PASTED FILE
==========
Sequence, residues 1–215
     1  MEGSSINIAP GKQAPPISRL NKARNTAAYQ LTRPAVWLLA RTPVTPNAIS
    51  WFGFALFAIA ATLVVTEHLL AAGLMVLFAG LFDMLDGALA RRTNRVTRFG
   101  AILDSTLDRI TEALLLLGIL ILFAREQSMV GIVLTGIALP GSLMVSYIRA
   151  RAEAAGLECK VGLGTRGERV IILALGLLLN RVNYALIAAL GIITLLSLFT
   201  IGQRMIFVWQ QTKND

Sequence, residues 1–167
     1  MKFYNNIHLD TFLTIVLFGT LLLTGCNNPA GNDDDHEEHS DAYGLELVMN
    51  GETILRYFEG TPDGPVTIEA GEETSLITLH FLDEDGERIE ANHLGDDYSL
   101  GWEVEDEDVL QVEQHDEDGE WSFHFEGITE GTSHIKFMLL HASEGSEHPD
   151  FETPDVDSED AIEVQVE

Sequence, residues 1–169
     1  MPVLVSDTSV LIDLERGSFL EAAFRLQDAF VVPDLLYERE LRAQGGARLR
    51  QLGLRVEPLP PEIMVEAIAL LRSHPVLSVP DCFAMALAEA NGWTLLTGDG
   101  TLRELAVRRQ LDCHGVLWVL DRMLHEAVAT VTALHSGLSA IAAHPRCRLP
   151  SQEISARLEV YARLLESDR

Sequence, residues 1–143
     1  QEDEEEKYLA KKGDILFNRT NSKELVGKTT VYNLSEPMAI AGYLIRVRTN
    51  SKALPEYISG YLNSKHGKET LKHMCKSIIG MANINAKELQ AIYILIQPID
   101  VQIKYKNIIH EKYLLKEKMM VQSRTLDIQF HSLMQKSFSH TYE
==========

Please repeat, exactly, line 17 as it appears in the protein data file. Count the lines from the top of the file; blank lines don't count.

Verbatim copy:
Sequence, residues 1–143